A resident has been served with Sutton’s first ‘Acceptable Behaviour Contract’ for the alarm and distress caused to her neighbours by her dogs.
The 24-year-old female dog owner, who lives in a block of flats in Langley Park Road, Sutton, allowed her two Staffordshire Bull Terriers called ‘Roxy’ and ‘Governor’ to:
- Run out of control off the lead
- Jump up and intimidate residents
- Carry on barking for long periods
In addition, she also repeatedly failed to clear up after her pets.
Police decided to take formal action following an incident on Friday 30th March when her dogs ran out of their home in pursuit of a man making a delivery in Langley Park Road. The man was forced to run and jump onto a vehicle to avoid being bitten.
As a result the resident was sent a letter on the 13th April advising that this incident had come to the attention of police. A second letter was sent on 2nd July after her dogs had continued to behave in an unacceptable way.
This second letter included an Acceptable Behaviour Contract – a voluntary agreement between the resident and Sutton Council, the Met Police in Sutton and London and Quadrant Housing Trust – the resident’s landlord.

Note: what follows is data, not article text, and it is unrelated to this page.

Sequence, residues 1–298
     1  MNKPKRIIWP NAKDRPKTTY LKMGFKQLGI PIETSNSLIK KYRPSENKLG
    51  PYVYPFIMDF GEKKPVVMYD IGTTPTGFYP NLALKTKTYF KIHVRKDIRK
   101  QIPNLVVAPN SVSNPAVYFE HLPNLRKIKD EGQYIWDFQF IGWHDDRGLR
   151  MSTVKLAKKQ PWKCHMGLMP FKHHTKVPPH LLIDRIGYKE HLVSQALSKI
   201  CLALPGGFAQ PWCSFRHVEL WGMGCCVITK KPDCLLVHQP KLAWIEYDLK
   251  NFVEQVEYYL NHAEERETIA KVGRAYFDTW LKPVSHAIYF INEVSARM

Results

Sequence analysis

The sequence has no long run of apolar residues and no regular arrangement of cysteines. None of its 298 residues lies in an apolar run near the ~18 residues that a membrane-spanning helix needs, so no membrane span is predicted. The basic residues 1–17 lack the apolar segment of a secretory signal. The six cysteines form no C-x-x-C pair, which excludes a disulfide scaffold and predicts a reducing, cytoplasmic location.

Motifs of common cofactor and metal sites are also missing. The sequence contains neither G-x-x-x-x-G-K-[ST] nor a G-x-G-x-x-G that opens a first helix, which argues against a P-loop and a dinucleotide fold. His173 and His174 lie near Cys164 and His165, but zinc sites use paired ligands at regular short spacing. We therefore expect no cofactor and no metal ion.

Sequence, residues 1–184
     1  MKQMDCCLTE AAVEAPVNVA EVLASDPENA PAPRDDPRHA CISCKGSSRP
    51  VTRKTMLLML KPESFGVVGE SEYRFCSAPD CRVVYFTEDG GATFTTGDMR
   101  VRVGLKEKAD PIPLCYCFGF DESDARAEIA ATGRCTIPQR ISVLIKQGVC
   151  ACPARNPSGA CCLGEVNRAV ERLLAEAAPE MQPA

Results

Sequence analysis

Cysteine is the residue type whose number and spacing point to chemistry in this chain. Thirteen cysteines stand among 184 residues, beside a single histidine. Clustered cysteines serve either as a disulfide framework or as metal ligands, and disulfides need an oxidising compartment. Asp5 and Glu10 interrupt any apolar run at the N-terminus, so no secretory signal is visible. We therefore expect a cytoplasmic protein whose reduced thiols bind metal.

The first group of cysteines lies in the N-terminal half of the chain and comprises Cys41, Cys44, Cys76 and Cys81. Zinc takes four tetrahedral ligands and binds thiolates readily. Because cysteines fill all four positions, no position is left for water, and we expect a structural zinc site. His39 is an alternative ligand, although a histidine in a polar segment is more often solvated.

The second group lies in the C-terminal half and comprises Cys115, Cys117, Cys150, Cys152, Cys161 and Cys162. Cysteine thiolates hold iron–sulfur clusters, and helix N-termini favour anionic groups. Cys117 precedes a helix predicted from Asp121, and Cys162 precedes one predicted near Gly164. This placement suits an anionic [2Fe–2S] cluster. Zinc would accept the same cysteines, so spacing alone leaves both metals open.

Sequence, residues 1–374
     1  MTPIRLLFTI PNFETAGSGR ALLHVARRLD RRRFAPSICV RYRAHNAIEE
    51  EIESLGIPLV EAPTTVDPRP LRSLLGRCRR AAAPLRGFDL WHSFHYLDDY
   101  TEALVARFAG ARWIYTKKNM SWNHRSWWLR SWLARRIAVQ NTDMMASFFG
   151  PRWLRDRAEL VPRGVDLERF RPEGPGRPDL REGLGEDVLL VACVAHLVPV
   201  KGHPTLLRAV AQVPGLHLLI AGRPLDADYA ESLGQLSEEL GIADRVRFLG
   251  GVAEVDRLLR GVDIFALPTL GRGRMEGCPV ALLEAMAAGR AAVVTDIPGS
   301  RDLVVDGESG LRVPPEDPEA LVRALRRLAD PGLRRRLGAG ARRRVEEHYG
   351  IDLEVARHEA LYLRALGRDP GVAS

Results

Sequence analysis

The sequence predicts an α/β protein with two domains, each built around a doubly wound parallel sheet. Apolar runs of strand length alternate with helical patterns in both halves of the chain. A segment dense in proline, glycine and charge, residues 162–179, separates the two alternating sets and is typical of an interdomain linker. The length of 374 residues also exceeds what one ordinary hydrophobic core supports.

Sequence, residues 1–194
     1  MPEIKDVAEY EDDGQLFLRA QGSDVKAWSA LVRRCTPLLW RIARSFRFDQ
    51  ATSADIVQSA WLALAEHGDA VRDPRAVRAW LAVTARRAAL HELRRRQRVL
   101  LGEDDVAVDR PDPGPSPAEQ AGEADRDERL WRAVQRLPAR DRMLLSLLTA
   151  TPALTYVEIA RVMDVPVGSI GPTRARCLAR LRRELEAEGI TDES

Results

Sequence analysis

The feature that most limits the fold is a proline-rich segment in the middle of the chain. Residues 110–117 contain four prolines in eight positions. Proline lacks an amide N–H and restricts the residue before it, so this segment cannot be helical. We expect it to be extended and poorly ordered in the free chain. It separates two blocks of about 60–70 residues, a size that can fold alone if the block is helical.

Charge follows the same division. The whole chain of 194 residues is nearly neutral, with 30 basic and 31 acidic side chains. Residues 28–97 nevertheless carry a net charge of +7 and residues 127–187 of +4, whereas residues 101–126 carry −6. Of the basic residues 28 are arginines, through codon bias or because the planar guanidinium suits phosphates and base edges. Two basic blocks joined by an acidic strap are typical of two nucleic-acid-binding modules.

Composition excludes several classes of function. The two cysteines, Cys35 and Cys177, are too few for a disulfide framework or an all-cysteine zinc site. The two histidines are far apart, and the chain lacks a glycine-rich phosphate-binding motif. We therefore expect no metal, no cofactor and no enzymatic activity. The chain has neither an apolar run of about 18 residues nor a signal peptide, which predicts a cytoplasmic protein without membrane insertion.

The contract only named one of her dogs – Governor – as she had given up Roxy at around this time. The conditions in the agreement include:
- The dog being kept on a lead no longer than three metres in a public place including Langley Park Road, public footpaths and roads within Sutton borough
- Clearing up after her dog
- Regularly exercising her dog
Failure to comply with the agreement may result in an Anti-Social Behaviour Order being obtained to stop the resident causing harassment, alarm or distress and the tenancy agreement being reviewed and even revoked.
The action is part of borough’s Local Environmental Awareness of Dogs (LEAD) initiative to make owners of all breeds of dog aware of their responsibilities to their pet and the wider community.
Since August 2011 a total of 27 letters have been sent to residents whose dogs have come to the notice of police.
PC Heath Keogh, of Sutton Police station, who is co-ordinating the LEAD initiative for the borough, said: “Whilst we want to work with residents to reduce the nuisance and concerns caused by their pets, we are equally determined that we will take whatever action we need to make sure that this happens in reality.
“The bottom line for Sutton residents is a breach of an ASBO which could result in five years jail or a fine or both, and a possession order leading to a tenant’s eviction, for those in rented accommodation.”
The LEAD initiative was prompted by the fatal dog attack in Demesne Road, Wallington, on 23 December 2010, when a 52-year-old woman died after being attacked by a dog.